The Design Abstract – “Technotheism”


I love hearing something ambitious and genre-bending when a band can follow through on their vision.  The Design Abstract is one such band, one that had an idea and put it together almost flawlessly.  Their new album “Technotheism” released on January 29th, and I feel I’ve only just begun to process it.

The Design Abstract comes to us from Ontario, Canada.  They seem to be one of those shadowy, more reserved groups that doesn’t like to show their faces much, or even their names.  As far as a lineup goes, it seems to include Voiicde on bass and vocals, and Logan Mayhem on guitars.  There are guest spots, too, but you get the general idea.  This group doesn’t want to reveal themselves fully.

This has to be one of the most ambitious combinations of genres I’ve heard in some time.  It may have been attempted before, but maybe not to this extent.  The band plays what they call “sci fi symphonic melodeath”, combining symphonic metal, progressive melodeath, and what I would call cyberpunk ambient electronic.  With stunning precision, the band unleashes giant walls of orchestral melody alongside brutal guitars, otherworldly keys, eager blast beats, and both harsh and clean vox.  You will also hear electronic passages that are often combined with a rock vibe, feeling futuristic and maybe a little post-apocalyptic.  It’s a great sound, one that instantly fixated my attention.

“Technotheism” is a concept album, one to which I do not know the story.  Suffice it to say, the story revolves around comparing divinity and technology, and there is a war of some sort in process.  I get the idea that the message here is one of owning our technology rather than allowing it to dominate us: not allowing technology to divide us, but rather to seek unity before unfettered progress.  This narrative really works for the band’s chosen sound.

If I were to level any sort of negative criticism, it would be towards the clean vocals, of all things.  While Voiicde’s voice is quite good, with something of an alternative bent to it, I do feel like some of the vocal melodies are a little forced into the music.  Sometimes the clean vocal lines feel backwards or unsure of where they are going.  This isn’t always the case, though, just on a few tracks.

Anyways, “Technotheism” is quite a thrill ride with 13 tracks and 42 minutes of music.  It certainly does not outstay its welcome, a smart move whenever a band is attempting something novel.  And, you know, this album doesn’t seem to have any weak portions.  The beginning, middle, and end are all very strong with memorable moments, which makes it difficult to break down concisely.

You will notice some tracks are significantly shorter than others.  Some songs are fully metal, but are like interludes, including “Relentless”, “The Apothesis”, and “The Return”.  Other songs are ambient electronic, but I wouldn’t call them interludes because they feel like fully conceptualized songs.  These amazing moments would be “Among the Stars”, “The Omnisphere”, and “Elucidate” (which is more orchestrated than electronic).  The closer of the album, “A World of One”, is actually a great combination of ambient electronic with metal drive, and it is phenomenal.  These electronic portions really sell the narrative and overall feel of the album, and it helps that they seem inspired by some nostalgic properties, such as Blade Runner or Perfect Dark, among others.  I absolutely love this aspect of the album.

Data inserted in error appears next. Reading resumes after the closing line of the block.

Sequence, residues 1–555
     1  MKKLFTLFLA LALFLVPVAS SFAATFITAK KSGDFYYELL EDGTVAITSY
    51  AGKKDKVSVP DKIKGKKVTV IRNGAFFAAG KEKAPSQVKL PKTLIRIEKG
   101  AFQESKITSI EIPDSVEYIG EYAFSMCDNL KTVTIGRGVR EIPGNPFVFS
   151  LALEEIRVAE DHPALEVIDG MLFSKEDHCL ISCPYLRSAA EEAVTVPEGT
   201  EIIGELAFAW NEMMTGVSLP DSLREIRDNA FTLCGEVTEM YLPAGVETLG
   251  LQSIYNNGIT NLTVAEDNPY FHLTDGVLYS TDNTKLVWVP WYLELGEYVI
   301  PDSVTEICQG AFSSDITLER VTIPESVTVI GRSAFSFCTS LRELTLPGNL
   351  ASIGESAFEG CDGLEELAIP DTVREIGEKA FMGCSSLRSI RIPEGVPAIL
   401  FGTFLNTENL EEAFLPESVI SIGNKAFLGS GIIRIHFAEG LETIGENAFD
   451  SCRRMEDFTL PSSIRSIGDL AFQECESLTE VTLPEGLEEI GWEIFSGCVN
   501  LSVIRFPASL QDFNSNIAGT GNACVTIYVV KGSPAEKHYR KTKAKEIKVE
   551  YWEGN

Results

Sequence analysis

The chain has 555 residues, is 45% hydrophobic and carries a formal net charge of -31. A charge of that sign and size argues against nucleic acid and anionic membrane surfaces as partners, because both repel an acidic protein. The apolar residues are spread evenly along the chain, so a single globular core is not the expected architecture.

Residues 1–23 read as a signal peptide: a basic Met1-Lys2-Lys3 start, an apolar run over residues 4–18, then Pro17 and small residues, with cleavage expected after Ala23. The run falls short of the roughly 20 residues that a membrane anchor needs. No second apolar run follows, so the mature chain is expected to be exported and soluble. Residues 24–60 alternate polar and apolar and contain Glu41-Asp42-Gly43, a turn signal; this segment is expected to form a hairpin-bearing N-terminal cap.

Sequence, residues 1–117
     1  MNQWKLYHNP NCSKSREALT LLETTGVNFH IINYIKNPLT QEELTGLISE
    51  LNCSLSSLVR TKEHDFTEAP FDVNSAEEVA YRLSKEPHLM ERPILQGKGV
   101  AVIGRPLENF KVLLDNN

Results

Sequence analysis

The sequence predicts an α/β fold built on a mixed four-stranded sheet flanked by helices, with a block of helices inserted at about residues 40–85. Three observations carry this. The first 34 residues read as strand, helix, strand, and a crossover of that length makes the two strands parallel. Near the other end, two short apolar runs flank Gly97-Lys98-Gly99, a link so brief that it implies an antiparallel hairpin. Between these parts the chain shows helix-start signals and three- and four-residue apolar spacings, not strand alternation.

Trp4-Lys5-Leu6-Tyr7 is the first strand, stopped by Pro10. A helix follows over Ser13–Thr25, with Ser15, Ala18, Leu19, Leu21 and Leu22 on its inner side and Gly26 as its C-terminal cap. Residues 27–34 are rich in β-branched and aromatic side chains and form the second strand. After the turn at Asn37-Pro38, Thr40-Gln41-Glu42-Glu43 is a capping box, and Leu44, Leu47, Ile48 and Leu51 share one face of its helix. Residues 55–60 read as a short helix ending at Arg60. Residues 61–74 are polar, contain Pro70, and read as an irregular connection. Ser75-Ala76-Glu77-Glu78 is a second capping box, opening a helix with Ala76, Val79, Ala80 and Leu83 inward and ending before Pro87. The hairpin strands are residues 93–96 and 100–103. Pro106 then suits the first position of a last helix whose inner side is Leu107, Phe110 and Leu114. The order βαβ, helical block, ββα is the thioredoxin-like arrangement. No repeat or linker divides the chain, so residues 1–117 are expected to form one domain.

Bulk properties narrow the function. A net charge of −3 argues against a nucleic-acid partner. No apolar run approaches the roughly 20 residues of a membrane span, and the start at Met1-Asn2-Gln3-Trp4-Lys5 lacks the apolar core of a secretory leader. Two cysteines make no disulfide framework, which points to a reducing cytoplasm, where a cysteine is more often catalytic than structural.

The album has several meaty tracks, too, where all of the ideas come together.  Songs like “Deus Es Machina” and “The Resistance” are heavy and unrelenting, but with melody that slices right through the wall of sound.  “Voidwalkers” and “Parallel Projection” are good examples of this, too, only with a bit more musical space.  My favorite track on the album, without a doubt, is “Data Shield Attack”.  This extraordinary song feels intensely cinematic, starting out with a brutal metallic sound, but soon transitioning into an orchestral, story-telling vibe that is so beautiful.  I love the stuttering drums near the end and the massive vision for this song.

The Design Abstract really surprised me with this one.  When I saw their description of the sound, I was a little skeptical, but the band has really pulled it off, and with excellence.  This album is every bit as diverse, colorful, and epic as I had hoped, and there are jaw-dropping moments galore.  I absolutely love this record.

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Find The Design Abstract online:

Facebook

Bandcamp

Abstrakted Records YouTube

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